Rich Lowry

The commission studying the intelligence failures that produced disastrously flawed estimates of Iraq's weapons-of-mass-destruction capabilities has finally produced its report, and it's devastating. Not just for U.S. intelligence, which is portrayed as hapless and bungling, but for Bush critics who have vested so much in the argument that Bush officials pressured intelligence agencies to support the case for war.

New York Times columnist Maureen Dowd is the epitome of this school of thought. The very morning the report was released she wrote that "political pressure was the father of conveniently botched intelligence," and fingered Dick Cheney as the lead culprit. Cut to Page 50 of the WMD report: "The Commission found no evidence of political pressure to influence the Intelligence Community's prewar assessments of Iraq's weapons programs."

Bush critics have focused on the erroneous intelligence around Iraq's nuclear capabilities. Suddenly ? or so the conspiracy theory goes ? the CIA and others began to say what President Bush wanted to hear about Saddam Hussein and nukes in 2002. But the crucial shift away from the belief that Saddam had no active nuclear program came in early 2001, back when Bush was essentially maintaining President Clinton's Iraq policy. That's when we learned that Saddam was attempting to acquire aluminum tubes that could be used for conventional rockets, or ? much worse ? for gas centrifuges for enriching uranium.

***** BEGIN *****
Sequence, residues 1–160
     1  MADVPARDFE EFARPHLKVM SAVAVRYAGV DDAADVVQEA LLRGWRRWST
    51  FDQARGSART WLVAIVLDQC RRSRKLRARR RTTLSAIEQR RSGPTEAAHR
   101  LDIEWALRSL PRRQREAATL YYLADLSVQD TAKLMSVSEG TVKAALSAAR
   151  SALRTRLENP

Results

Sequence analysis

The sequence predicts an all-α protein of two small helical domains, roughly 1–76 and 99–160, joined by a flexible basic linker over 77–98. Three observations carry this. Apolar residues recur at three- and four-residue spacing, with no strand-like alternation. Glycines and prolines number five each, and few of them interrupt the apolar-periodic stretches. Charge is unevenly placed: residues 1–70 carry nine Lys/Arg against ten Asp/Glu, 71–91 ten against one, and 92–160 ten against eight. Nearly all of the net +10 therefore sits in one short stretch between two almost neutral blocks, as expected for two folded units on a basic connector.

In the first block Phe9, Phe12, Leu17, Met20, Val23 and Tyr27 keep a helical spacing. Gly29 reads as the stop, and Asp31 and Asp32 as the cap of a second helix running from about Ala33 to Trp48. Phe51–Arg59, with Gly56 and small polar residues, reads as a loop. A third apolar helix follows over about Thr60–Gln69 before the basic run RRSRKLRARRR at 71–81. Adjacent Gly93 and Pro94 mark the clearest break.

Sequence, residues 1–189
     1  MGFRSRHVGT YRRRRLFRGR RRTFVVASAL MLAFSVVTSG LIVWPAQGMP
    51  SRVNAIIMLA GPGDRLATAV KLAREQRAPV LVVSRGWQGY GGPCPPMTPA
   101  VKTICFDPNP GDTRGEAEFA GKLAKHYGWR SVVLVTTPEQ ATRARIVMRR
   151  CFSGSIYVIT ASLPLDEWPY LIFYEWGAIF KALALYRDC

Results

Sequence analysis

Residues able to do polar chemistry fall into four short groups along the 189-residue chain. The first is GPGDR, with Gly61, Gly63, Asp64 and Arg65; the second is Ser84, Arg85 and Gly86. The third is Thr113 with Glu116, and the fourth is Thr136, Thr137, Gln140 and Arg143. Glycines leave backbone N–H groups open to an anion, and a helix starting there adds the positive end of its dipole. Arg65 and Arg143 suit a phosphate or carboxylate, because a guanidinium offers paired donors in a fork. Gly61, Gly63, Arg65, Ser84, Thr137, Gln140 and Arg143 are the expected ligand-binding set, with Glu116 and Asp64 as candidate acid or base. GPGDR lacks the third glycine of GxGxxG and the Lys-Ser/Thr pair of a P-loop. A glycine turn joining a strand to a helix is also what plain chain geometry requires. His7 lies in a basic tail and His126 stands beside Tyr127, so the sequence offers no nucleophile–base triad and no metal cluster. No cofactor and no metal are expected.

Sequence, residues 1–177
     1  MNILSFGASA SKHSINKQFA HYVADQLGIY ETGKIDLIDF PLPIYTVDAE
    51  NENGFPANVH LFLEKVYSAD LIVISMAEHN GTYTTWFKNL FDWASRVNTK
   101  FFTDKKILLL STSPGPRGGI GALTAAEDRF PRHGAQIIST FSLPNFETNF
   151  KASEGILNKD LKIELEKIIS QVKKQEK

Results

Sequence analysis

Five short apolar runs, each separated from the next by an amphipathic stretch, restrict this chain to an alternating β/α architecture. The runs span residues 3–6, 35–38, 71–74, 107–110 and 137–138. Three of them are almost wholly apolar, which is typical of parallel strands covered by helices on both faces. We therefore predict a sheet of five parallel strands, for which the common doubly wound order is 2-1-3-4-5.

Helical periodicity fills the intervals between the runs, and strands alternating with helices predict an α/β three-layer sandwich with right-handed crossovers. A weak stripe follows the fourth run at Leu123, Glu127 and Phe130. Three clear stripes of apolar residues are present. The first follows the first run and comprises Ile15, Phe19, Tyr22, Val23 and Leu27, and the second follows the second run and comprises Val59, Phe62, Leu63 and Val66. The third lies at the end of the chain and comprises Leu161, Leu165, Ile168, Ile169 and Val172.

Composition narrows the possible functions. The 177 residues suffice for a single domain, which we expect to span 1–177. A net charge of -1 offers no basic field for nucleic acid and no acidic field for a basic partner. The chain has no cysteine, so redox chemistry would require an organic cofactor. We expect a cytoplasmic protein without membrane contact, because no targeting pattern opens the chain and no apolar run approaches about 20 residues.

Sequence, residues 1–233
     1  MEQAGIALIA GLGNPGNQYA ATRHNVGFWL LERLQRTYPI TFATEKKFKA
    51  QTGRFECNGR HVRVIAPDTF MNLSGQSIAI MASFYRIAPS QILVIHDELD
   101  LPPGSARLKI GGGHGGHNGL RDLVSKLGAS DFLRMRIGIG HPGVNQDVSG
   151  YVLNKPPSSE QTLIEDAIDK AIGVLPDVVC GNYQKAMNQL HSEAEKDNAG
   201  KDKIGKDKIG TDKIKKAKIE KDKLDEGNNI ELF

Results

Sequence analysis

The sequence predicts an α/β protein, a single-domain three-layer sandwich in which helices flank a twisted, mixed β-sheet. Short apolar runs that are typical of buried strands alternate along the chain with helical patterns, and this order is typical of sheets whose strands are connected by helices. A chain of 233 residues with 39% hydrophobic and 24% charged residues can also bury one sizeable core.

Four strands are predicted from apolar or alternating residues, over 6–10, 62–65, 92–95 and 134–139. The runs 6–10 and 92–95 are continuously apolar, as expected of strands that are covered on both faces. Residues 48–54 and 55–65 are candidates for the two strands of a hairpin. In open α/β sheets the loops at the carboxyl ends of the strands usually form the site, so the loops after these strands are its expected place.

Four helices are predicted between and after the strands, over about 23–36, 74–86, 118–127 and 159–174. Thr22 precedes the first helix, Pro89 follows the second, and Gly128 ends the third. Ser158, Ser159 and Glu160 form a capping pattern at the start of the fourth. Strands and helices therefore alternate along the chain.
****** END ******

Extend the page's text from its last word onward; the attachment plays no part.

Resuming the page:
Various intelligence agencies disagree about the purpose of the tubes. The CIA and others argued that they were for uranium enrichment and that, therefore, Saddam was reconstituting his nuclear program. The Department of Energy thought the tubes were unlikely to be used in centrifuges. But even it concluded from other evidence that Saddam had a renewed nuclear program. Only the State Department dissented from the conclusion in the notorious October 2002 National Intelligence Estimate that Baghdad had a program, but cautiously: "[the evidence] indicates, at most, a limited Iraqi nuclear reconstitution effort."


Rich Lowry

Rich Lowry is author of Legacy: Paying the Price for the Clinton Years .
 
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